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Irving Reis

Irving Reis

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Also Known As: Irving G. Ries, Irving Ries Died: July 3, 1953
Born: May 7, 1906 Cause of Death: cancer
Birth Place: New York City, New York, USA Profession: director, screenwriter, radio director, radio producer, radio writer

Biography CLOSE THE FULL BIOGRAPHY

Harald Reinl was an Austrian-born, director with a career of several unique distinctions, most prominent among them his role as the creator of several German-language westerns during the 1960s. His career began intriguingly, entering film via his skiing expertise by appearing as a stunt double for Leni Riefenstahl in Arnold Fanck's advunture "Avalanche" (1930) and then in "White Ecstasy" the following year. By the late '30s, Reinl made his debut as a writer-director, but World War II put a knot in his momentum, stalling activity until the late '40s. Through the '50s, Reinl directed everything from comedies to romances to war films, but it wasn't until the '60s that his impact was noticeable: in 1961, he followed on the heels of Fritz Lang to direct two "Dr. Mabuse" crime films, and in 1963, he made the first of four westerns, "Apache Gold," with frequent Reinl muse Lex Barker in the lead role. His next western, 1964's "Last of the Renegades," included then-wife Karin Dor and soon-to-be-notorious actor Klaus Kinski. In 1968, Reinl made two films starring the fictional crime novel character Jerry Cotton, each with "Death" in the title, as well as another western, "In the Valley of Death," with old...

Harald Reinl was an Austrian-born, director with a career of several unique distinctions, most prominent among them his role as the creator of several German-language westerns during the 1960s. His career began intriguingly, entering film via his skiing expertise by appearing as a stunt double for Leni Riefenstahl in Arnold Fanck's advunture "Avalanche" (1930) and then in "White Ecstasy" the following year. By the late '30s, Reinl made his debut as a writer-director, but World War II put a knot in his momentum, stalling activity until the late '40s. Through the '50s, Reinl directed everything from comedies to romances to war films, but it wasn't until the '60s that his impact was noticeable: in 1961, he followed on the heels of Fritz Lang to direct two "Dr. Mabuse" crime films, and in 1963, he made the first of four westerns, "Apache Gold," with frequent Reinl muse Lex Barker in the lead role. His next western, 1964's "Last of the Renegades," included then-wife Karin Dor and soon-to-be-notorious actor Klaus Kinski. In 1968, Reinl made two films starring the fictional crime novel character Jerry Cotton, each with "Death" in the title, as well as another western, "In the Valley of Death," with old hands Lex Barker and his wife, Dor. In 1970, Reinl took a very successful reprieve from fiction films to make the Academy Award-nominated documentary "Chariots of the Gods," which was based on a book about the world's ancient mysteries.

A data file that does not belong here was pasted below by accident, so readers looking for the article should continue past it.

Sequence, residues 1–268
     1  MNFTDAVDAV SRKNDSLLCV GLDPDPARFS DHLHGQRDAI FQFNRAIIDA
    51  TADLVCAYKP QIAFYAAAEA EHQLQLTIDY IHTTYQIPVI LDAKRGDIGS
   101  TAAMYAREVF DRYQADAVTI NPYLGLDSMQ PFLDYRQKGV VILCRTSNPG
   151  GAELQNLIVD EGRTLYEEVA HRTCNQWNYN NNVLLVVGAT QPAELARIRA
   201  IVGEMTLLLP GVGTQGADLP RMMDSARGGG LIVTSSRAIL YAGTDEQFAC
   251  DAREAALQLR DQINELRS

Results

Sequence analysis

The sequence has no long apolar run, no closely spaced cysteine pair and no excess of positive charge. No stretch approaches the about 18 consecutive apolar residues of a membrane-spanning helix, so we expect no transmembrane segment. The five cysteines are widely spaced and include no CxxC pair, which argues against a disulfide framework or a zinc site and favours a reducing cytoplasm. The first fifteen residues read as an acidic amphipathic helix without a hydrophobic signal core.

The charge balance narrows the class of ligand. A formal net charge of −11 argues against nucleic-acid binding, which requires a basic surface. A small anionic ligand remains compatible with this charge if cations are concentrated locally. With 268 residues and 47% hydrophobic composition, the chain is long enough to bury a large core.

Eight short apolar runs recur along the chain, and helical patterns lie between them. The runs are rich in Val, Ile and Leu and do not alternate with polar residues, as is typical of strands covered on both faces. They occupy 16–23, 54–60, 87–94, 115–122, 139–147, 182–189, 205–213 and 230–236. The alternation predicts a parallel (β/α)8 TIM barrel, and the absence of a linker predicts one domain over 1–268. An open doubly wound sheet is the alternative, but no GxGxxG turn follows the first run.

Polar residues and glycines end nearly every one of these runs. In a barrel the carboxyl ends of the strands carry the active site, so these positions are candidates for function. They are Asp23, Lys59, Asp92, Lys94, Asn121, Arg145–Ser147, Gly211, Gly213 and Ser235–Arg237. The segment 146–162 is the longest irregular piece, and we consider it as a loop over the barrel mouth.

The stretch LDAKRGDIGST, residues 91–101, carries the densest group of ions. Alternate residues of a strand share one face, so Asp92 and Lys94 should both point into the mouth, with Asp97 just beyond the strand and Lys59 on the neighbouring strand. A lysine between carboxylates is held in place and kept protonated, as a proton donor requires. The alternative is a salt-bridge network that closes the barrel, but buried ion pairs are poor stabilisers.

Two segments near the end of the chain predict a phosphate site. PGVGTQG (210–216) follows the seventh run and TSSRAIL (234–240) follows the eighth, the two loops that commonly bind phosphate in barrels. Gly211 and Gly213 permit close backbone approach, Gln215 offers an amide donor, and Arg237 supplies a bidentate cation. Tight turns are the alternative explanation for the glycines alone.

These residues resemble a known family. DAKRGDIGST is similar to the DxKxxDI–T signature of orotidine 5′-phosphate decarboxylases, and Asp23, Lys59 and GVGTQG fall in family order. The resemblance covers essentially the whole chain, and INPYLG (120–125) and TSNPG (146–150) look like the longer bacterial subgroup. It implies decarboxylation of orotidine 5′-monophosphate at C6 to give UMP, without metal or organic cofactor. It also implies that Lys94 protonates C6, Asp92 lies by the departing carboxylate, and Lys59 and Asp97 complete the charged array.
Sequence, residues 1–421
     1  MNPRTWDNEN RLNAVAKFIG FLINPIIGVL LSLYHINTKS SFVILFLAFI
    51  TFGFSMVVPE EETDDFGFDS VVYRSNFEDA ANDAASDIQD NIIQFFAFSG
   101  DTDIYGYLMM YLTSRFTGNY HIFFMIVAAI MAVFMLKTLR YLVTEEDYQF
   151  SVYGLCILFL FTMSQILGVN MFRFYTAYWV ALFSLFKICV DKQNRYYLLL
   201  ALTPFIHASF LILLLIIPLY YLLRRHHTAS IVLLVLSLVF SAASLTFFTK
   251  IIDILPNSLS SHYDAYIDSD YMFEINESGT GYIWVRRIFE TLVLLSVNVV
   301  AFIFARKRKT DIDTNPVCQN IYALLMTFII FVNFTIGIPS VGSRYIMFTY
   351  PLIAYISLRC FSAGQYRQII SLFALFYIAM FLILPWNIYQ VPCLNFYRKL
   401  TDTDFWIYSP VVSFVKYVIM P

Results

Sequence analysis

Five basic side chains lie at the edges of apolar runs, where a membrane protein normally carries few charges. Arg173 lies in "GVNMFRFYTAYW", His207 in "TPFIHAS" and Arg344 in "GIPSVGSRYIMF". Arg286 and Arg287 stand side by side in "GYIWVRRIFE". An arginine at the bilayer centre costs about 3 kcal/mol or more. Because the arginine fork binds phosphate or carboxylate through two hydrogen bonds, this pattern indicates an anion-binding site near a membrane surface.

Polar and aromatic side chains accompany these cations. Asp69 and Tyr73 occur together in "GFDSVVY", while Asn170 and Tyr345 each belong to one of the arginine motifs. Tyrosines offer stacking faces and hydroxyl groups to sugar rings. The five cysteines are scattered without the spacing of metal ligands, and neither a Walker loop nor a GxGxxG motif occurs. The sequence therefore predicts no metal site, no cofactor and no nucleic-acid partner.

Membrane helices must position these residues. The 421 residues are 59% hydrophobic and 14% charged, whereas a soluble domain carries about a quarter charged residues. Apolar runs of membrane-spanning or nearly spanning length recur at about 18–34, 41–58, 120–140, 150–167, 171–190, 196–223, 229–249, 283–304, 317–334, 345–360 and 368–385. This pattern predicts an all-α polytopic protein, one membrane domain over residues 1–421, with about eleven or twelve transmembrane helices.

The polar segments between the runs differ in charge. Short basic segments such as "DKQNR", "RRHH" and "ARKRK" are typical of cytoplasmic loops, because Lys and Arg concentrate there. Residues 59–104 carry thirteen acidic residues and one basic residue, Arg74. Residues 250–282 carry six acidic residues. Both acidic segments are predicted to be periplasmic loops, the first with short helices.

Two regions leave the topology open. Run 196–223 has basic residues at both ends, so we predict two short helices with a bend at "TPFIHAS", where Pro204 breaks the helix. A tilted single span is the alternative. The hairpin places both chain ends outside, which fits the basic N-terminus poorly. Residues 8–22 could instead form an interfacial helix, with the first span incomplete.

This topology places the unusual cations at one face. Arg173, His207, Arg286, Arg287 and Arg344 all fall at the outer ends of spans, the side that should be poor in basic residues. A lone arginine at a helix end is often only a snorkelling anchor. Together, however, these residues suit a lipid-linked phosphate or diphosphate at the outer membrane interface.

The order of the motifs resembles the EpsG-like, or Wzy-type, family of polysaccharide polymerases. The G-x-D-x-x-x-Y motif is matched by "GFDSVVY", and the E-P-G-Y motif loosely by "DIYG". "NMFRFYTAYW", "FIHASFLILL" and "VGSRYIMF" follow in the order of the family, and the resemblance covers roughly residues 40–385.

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Filmographyclose complete filmography

DIRECTOR:

1.
  The Four Poster (1953) Director
2.
  New Mexico (1951) Director
3.
  Of Men and Music (1951) Director
4.
  Three Husbands (1950) Director
5.
  Dancing in the Dark (1950) Director
6.
  Roseanna McCoy (1949) Director
7.
  Enchantment (1949) Director
8.
  All My Sons (1948) Director
10.
  Crack-Up (1946) Director

CAST: (feature film)

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Education

Columbia University: New York , New York -

Contributions

lsd ( 2008-01-09 )

Source: not available

Irving Reis was raised on the lower east side of New York and went to Columbia University. He first gained famed as the founder and director of the Columbia Workshop on radio. He directed several films including The Four Poster (with Rex Harrison and Lili Palmer), Enchantment, and The Bachelor and Bobby Soxer (with Cary Grant and Myrna Loy). He died on July 3, 1953 at the Motion Picture Country Home of cancer. (source: NYT 7/04/53)

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